This is a series of posts following my wife and me on a tour of Italy.
Why the Academie?
We had already seen the statue of David. It was gorgeous and stunning. Our guide Sylvie had explained that David had been viewed in a public square for decades. That love had brought it indoors. But, why here? We were told that it had been a center of learning since 1784. What was this place before?
Before it was the Acedemíe
It was a hospital. The Friary Hospital of San Matthew. The adjoining building was the Convent of Saint Niccolo of Cafaggio. Little is recorded about the hospital before this time. Peter Leopold, the Grand Duke of Tuscany chose the building because it adjoined the Accademia di Belle Arti or the Fine Arts Academy. The collection was regularly updated with paintings gathered from other convents and monasteries by Grand Duke Peter Leopold and then Napoleon.
Why it Mattered
It was a place of learning.
Students went there to learn perspective and proportion from the statues in the “Gipsoteca Bartolini.” The statues were plaster casts made by legendary sculptor and academy professor Lorenzo Bartolini. The molds were pierced with steel pins or rods. Students could use these pins for reference when they compared limbs and fingers with the head and torso.
A key value of the Rennaisance was the return to realistic art that portrayed life with fullness and authenticity. One aspect that arose from this pursuit was the concern given to perspective. The pins allowed them to scale fingers, toes, eyes, lips, nose, and chin. It brought life to statues and paintings by making them appear more human.
The Gipsoteca meant “the hall of models” creates a visual timeline from Neoclassicism and Romanticism. Bartolini’s busts and medallions were in high demand from Russian, Polish, and English families.
The large collection of infant statues were the specialty of Luigi Pampolini. Pampolini’s ability to match Bartolini in grace and beauty rose the two sculptors to equal fame in the eyes of Florentine’s art patrons. The details they capture are so clear they provide insights into hair and clothing fashions and popular ideologies of the time.
A Sanctuary for Musical Instruments
The same passion that brought to life painting and sculpture during the Rennaissance can be seen in the exhibits housed at the Museum of Musical Instruments. The 50 original pieces of the Grand Ducal collection include the roots of the piano invented by Bartolomeo Cristofori and the tenor viola made by Antonio Stradivari.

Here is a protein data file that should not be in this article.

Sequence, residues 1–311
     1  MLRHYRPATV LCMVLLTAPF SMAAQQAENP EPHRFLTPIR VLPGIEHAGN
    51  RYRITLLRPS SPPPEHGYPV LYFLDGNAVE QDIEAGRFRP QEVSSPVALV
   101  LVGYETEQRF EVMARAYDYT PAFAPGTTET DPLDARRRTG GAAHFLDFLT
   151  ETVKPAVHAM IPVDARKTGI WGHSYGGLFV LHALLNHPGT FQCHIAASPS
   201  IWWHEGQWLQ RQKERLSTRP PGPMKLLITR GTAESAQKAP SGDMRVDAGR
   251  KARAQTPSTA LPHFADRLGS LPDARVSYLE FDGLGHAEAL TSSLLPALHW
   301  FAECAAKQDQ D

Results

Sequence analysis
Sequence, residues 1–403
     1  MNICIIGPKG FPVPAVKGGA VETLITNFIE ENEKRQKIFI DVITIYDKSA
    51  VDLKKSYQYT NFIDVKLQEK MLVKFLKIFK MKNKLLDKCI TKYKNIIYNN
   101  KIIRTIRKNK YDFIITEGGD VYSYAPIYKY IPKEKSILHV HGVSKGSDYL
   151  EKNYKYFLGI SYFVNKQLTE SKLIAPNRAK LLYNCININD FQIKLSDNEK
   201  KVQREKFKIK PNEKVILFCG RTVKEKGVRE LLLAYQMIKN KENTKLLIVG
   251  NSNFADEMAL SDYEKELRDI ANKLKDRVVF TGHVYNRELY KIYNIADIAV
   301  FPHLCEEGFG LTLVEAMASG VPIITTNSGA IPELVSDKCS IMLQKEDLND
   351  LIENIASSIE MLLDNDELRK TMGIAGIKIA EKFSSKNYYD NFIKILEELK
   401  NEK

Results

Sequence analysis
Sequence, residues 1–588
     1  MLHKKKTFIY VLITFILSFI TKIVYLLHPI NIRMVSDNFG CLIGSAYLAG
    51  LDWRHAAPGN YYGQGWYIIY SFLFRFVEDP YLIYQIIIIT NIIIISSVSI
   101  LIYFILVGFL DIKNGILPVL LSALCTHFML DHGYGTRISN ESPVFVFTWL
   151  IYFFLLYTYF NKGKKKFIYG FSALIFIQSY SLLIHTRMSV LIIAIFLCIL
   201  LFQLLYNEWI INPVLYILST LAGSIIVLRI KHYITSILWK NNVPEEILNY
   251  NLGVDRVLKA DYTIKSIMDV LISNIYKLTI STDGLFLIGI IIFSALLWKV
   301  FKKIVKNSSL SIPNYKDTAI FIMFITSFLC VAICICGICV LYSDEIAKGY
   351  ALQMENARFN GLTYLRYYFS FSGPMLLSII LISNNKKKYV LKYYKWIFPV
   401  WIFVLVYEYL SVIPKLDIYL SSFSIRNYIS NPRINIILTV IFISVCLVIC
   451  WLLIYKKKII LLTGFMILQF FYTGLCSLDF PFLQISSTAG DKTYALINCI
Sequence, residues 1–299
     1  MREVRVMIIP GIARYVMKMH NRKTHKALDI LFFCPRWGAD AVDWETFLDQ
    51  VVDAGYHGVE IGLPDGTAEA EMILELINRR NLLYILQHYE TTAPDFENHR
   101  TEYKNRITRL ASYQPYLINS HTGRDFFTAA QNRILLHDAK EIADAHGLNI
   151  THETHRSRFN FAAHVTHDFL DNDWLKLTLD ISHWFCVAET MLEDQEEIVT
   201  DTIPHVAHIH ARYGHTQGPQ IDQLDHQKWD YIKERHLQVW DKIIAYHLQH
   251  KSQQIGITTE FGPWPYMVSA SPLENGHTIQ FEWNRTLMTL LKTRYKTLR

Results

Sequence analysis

Cristofori and the Pianoforte
Cristofori was born in 1655 and worked for the son of the Duke of Tuscany making harpsichords and clavichords. It is believed his work on the first piano began during the 1690s. The first version was completed in 1709.
The pianoforte was the first name of the device Cristofori invented. By connecting each key to little hammers that strike the strings, the instrument that would become the piano produced a louder sound than the clavichord. The complication of dampening the sound from the string was avoided with an escapement. This allowed each hammer to fall away from the string immediately after it was struck.
Numerous innovations produced tones that reflected the force used by a player striking the keys. This new instrument did not catch on for a very long time. Cristofori was among at least 100 other artisans He was considered a mere tinkerer.
The piano he created was modified many times over the three centuries that bring us to the modern piano. The changes replaced Cristofari’s name with words like Steinway, grand, and upright.
Imitation is the Sincerest Form…
Stradivari crafted over 1,100 musical instruments before his death. Over 650 still exist today, but there are also thousands of replicas that were inspired by the different changes and styles of violins he produced. To many collectors, this has led to confusion about what is an authentic Stradivari instrument. Adding to the problem is the addition of the phrase Antonio Stradivarius Cremonensis Faciebat Anno followed by the numeric year.
A travel blog is much like the destination it describes. The academy was a place where we went to see the statue of David by Michelangelo.
What we found was more than the home for a brilliant sculpture by a legendary artist. This was a home where students worked and strived. The evidence of the artists they aspired to emulate line the floors and walls.
Now it is the home for paintings, sculptures, and musical instruments that offer a timeline in three dimensions.
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